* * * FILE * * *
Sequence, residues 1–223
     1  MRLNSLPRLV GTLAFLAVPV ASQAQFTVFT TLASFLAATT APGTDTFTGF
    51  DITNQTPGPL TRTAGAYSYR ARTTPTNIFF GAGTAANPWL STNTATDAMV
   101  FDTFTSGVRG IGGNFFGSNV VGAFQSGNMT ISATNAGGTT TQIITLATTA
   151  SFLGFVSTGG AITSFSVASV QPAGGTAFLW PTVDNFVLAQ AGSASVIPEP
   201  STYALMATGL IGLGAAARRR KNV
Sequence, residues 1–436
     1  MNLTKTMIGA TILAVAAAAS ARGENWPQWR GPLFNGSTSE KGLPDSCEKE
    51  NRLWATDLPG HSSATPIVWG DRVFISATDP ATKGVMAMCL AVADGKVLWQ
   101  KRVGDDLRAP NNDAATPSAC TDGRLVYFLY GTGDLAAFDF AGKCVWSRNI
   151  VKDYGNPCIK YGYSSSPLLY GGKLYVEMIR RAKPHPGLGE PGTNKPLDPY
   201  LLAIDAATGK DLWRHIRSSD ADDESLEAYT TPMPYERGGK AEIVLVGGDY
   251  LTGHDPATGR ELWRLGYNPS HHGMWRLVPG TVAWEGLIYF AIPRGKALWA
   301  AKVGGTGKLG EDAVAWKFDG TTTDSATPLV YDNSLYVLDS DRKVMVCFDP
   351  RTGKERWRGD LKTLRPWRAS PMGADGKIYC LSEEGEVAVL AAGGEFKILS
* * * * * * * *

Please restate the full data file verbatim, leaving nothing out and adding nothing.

Sequence, residues 1–223
     1  MRLNSLPRLV GTLAFLAVPV ASQAQFTVFT TLASFLAATT APGTDTFTGF
    51  DITNQTPGPL TRTAGAYSYR ARTTPTNIFF GAGTAANPWL STNTATDAMV
   101  FDTFTSGVRG IGGNFFGSNV VGAFQSGNMT ISATNAGGTT TQIITLATTA
   151  SFLGFVSTGG AITSFSVASV QPAGGTAFLW PTVDNFVLAQ AGSASVIPEP
   201  STYALMATGL IGLGAAARRR KNV
Sequence, residues 1–436
     1  MNLTKTMIGA TILAVAAAAS ARGENWPQWR GPLFNGSTSE KGLPDSCEKE
    51  NRLWATDLPG HSSATPIVWG DRVFISATDP ATKGVMAMCL AVADGKVLWQ
   101  KRVGDDLRAP NNDAATPSAC TDGRLVYFLY GTGDLAAFDF AGKCVWSRNI
   151  VKDYGNPCIK YGYSSSPLLY GGKLYVEMIR RAKPHPGLGE PGTNKPLDPY
   201  LLAIDAATGK DLWRHIRSSD ADDESLEAYT TPMPYERGGK AEIVLVGGDY
   251  LTGHDPATGR ELWRLGYNPS HHGMWRLVPG TVAWEGLIYF AIPRGKALWA
   301  AKVGGTGKLG EDAVAWKFDG TTTDSATPLV YDNSLYVLDS DRKVMVCFDP
   351  RTGKERWRGD LKTLRPWRAS PMGADGKIYC LSEEGEVAVL AAGGEFKILS